The climate crisis pushes the Amazon jungle to a point of no return that will turn it into savannah

75% of the Amazon forest shows an increase in its deterioration since the year 2000 "compatible with the approach to a critical transition" in which "deforestation and climate change may have pushed the Amazon towards a threshold of extinction of the forest ”, according to research from the University of Exeter published in Nature.

The suspicion that the tropical forest of South America is approaching a point of no return is not new, but the work of these British researchers has been based on real satellite observations: "Three quarters of the forest have lost resilience", that is to say , the ability to adapt to adverse situations conclude. This ecosystem suffers from "longer dry seasons and greater frequency of droughts" in addition to direct human action.

This type of deterioration is the way to become savannah. That is, moving from a tropical forest ecosystem to another with smaller trees, more bushes and a much lower density. Its tree canopy, in contrast to that of a jungle, has little coverage.

Although the most common image of savannah is related to Africa, this biotope also occurs, without going any further, in Brazil. The Cerrado area, south of the tropical forest, is the largest savannah in the world. And it is accelerating its fire-based deforestation to become industrial soybean farms.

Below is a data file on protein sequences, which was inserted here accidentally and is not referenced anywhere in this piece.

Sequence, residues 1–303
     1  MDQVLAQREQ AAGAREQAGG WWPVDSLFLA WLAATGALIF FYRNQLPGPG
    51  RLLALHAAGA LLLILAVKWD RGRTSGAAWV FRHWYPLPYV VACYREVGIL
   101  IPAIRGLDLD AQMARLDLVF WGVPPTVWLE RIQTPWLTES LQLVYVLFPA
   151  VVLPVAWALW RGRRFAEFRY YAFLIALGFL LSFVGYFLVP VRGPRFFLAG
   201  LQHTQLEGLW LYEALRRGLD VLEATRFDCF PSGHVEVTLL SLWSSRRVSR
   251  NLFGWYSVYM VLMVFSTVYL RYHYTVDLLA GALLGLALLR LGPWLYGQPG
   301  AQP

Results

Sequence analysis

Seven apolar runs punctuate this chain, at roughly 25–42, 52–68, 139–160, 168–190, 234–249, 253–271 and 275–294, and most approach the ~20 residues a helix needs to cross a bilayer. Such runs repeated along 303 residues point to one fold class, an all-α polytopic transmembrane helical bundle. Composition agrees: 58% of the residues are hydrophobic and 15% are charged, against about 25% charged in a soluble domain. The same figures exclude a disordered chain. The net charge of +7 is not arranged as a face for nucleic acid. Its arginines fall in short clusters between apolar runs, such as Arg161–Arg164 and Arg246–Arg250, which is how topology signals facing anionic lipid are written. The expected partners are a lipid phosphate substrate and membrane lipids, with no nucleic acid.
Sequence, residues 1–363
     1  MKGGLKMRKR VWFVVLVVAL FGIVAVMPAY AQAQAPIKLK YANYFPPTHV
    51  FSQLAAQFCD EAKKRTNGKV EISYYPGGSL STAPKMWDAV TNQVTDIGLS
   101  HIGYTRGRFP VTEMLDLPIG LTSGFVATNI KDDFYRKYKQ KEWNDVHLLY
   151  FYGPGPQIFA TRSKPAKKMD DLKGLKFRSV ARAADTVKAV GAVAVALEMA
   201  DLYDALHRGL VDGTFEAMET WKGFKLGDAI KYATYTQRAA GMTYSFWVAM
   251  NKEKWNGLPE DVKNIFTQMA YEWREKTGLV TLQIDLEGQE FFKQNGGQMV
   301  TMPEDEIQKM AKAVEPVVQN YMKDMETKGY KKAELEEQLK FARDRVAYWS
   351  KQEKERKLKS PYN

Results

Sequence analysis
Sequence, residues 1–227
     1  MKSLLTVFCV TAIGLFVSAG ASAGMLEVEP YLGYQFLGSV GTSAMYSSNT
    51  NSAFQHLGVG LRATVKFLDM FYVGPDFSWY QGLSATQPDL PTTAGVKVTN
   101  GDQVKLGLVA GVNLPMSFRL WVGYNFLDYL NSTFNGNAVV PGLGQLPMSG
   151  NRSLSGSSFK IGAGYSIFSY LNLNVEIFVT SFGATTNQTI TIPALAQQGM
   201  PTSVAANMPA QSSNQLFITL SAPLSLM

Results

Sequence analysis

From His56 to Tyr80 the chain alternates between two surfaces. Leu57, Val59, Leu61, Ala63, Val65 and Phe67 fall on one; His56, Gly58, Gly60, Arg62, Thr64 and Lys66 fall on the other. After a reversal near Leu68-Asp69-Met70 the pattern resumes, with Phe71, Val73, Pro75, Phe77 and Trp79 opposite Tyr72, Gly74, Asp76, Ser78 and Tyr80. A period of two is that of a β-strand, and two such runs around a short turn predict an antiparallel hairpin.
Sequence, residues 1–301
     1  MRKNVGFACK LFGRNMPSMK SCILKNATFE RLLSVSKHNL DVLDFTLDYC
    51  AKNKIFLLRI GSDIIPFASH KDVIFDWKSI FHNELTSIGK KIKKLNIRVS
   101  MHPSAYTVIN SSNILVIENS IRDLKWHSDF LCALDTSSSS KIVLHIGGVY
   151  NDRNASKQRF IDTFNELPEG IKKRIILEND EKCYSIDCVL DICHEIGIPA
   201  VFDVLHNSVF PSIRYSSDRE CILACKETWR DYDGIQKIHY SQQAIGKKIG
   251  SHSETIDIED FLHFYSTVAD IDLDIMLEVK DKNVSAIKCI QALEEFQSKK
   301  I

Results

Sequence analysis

"We provide evidence of the risk of extinction of the forest that would have profound implications for biodiversity, carbon storage and climate change on a global scale," concludes this team.

What the work refers to is that the Amazon, in its forest state, is a kind of CO2 sponge. It absorbs greenhouse gas emissions, but if the trees disappear, that flow can be reversed. In fact, in addition to reducing this absorption in recent decades, "during the two great droughts of 2005 and 2010, the Amazon was a net emitter of carbon." This means that it released more CO2 than it was able to retain "due to the tree mortality" it suffered.

Irreversible changes before giving symptoms

Although the researchers warn that an exact moment at which this transition would be irreversible cannot be foreseen, they do affirm that the calculation models "show that large parts of the Amazon may be compromised by forest extinction before showing great changes in its condition". By the time it was detected, it would be too late.

Deforestation, large forest fires, climate change and the use of land for human activities they are interconnected. The climate crisis favors the conditions for the spread of fires that, in turn, release a large amount of CO2 that exacerbates, once again, the change in the global climate. The use of large open spaces in the Amazonian tropical forest for industrial agriculture and ranching adds more forest loss.

“In summary”, says this research “we have revealed empirical evidence that the Amazon forest has lost resilience since 2000 and, in addition, we provide evidence that drier conditions -which have caused three severe droughts- combined with a pronounced increase of human action on the ground have probably played a crucial role in that loss.” Reducing deforestation caused by humans will not only protect the areas directly affected but will "benefit many other parts of the Amazon."

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